I started the year by buying 55 Rabobank Certificates. For more information take a look at my post: Recent Buy – Rabobank Certificates. And then in February I bought 15 stocks of JNJ. For more information about this buy click New Buy JNJ. In April I averaged down on my already existing position of TGT when I bought 34 stocks of TGT.

In July I initiated a position in SO after a stock analysis Pollie-style. I bought 50 stocks. In October I made two new purchases. First I bought 40 stocks of T. I couldn’t resist the high yield and low pricing back then J And at the end of the same month, after a quick analysis I bought 35 stocks of O.

Furthermore I received 22 new stocks of RDS-A and 4 stocks of UN by dripping my dividends. And every month I bought at least for € 100 some new Mutual Funds for my “Safe-haven-sleep-well” part of my Vrijheid Fonds.

In the table below you can see the YoY stock price changes for every individual stock of my Vrijheid Fonds.

Ahold Delhaize -8.46%
Royal Dutch Shell 6.93%
Unilever 20.04%


Archer-Daniels-Midland -12.14%
AT&T -8.59%
Billiton PLC – ADR 28.23%
Chevron 6.46%
Coca Cola 10.82%
Franklin Resources 9.58%
General Electric -44.74%
Johnson&Johnson 21.20%
McDonalds 41.47%
Microsoft 37.55%
Omega Healthcare Investment -11.84%
Procter & Gamble 9.31%
Realty Income -0.80%
South 32 LTD 50.28%
Southern Company -2.20%
Target -9.67%
Vereit -11.60%
Wal-Mart 43.16%
NN Euro Obligatie Fonds – Mutual Fund -6.39%
NN premium Dividend fonds – Mutual Fund 10.75%
Kempen European High Dividend Fund – Mutual Fund 6.42%
Rabobank Certificates 8.68%

The Dollar

In the beginning of this post I shared the Top 5 financial news in 2017. One of the entries of this Top 5 is the Dollar. The Dollar lost strength against the Euro in 2017. The Dollar lost more than 12% against the Euro.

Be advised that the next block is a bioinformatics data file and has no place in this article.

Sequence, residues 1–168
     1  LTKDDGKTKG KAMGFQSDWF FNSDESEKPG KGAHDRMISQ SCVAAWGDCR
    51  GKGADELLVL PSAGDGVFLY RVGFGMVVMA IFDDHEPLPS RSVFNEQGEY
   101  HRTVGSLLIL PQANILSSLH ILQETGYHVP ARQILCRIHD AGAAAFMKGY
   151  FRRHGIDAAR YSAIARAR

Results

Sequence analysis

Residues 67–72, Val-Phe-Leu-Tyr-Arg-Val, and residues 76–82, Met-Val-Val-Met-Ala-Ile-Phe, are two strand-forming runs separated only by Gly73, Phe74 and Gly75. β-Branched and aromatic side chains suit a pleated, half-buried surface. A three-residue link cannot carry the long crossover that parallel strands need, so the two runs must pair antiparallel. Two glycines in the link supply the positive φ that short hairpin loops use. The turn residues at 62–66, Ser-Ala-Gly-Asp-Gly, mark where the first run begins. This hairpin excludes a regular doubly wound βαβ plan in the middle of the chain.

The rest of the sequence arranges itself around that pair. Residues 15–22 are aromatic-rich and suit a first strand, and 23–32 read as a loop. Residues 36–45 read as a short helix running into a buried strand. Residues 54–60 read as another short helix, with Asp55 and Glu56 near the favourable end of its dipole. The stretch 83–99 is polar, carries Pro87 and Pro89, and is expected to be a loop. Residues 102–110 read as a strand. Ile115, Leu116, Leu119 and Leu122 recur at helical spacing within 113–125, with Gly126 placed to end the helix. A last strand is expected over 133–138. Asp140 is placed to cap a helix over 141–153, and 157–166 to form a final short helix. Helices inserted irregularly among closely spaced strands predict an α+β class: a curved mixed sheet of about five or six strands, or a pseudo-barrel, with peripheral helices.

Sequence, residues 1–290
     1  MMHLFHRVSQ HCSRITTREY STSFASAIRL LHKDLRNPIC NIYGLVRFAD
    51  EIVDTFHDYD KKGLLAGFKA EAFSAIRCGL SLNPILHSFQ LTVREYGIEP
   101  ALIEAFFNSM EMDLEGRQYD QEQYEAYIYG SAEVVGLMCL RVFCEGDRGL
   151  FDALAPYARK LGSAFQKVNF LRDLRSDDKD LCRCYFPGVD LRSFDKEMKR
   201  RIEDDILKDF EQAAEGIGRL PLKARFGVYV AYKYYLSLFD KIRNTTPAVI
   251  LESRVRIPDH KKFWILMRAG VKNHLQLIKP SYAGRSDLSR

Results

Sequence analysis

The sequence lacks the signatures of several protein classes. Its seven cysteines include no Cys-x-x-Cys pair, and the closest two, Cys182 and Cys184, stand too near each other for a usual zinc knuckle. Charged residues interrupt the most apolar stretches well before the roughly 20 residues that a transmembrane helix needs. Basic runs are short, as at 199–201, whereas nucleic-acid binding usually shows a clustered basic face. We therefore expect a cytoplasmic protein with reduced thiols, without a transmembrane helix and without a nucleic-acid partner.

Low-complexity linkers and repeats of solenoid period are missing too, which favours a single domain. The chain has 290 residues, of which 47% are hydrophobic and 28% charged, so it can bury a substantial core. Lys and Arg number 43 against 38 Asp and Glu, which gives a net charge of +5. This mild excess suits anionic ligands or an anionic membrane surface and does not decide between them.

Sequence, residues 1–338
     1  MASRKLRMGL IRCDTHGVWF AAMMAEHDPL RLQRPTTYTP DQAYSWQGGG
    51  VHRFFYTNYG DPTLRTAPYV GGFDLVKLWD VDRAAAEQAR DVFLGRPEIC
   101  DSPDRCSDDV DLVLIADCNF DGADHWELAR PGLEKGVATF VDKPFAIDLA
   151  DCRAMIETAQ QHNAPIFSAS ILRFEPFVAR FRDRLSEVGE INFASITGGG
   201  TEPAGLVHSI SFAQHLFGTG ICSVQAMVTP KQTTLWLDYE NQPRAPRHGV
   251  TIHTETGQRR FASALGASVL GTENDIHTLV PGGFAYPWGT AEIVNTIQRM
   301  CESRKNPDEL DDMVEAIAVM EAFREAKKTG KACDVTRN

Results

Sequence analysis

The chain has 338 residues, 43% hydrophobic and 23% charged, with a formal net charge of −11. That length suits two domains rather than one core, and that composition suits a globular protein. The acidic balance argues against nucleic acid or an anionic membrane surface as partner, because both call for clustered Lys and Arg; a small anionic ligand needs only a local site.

Because more than 52% of my Vrijheid Fonds consist of US stocks, you can image that the value of my portfolio is affected by a weaker Dollar. But I always look at the bright side of live, my buying power has increased because I can get more Dollars for every Euro 😉 .

And if we take a look at my companies, we see a lot of companies that earn their money outside the US. So a lower value of the Dollar makes it cheaper for them to export their products. And by doing that, hopefully make more profit.

But hey, this is just a blog post from a normal European guy, with no professional financial education. So what do I know! I’m not an expert. But I see it is affecting my Vrijheid Fonds, in a positive and negative way.


2017 has been a good year. I made some good buys and expanded my passive income. The value of the Dollar, of course, affects my portfolio, but also give some nice opportunities. If I stay focused and keep investing in 2018 I will come closer to my end goal of FIRE.

How was your year? Did you have a good year?



7 thoughts on “Letter to my Readers – my Vrijheid Fonds in review 2017

  1. Mr. Robot

    Hey Pollie, Nice Year review. Amazing to see that on average you add 550+ Euro each month.

    I do see two different yields for 2017. First you mention 5.33 and then 5.26% but that is just nitpicking from my side.

    Good luck in 2018!

  2. Team CF

    That is quite the impact from the USD on your portfolio, Considering you are still building up your wealth and are not in the withdrawal phase, it’s not a big deal really. It could also flip again the other way around. Any idea how you are going to capture this exchange rate risk in terms of cash-flow from your dividend stocks?

    1. Pollie Post author

      I agree, that during the building phase it is not a big deal. But during the withdrawal phase? I don’t know yet. It depends on the net value of my Vrijheid Fonds at that moment. I think it will not be a problem, but I will look into it (have some time left 😀)

  3. Pursuit 2 Freedom

    Yes, the Dollar / Euro conversion affects all of us here in Europe. Well, those with stocks in the US at least. But who cares. It goes up and it goes down. Sometimes it helps you, sometimes it doesn’t. In the end it will average out. And if you have 5% growth with the 12% devaluation included, then you did very very well. 🙂

    1. Pollie Post author

      just for the fun, I calculated my return of 2017 when the value of the dollar at the end of 2017 was the same as in the beginning of 2017.
      My return would be 11.63%
      So P2F I agree with you that my Vrijheid Fonds dit very very well.
      Thank you for pointing this out!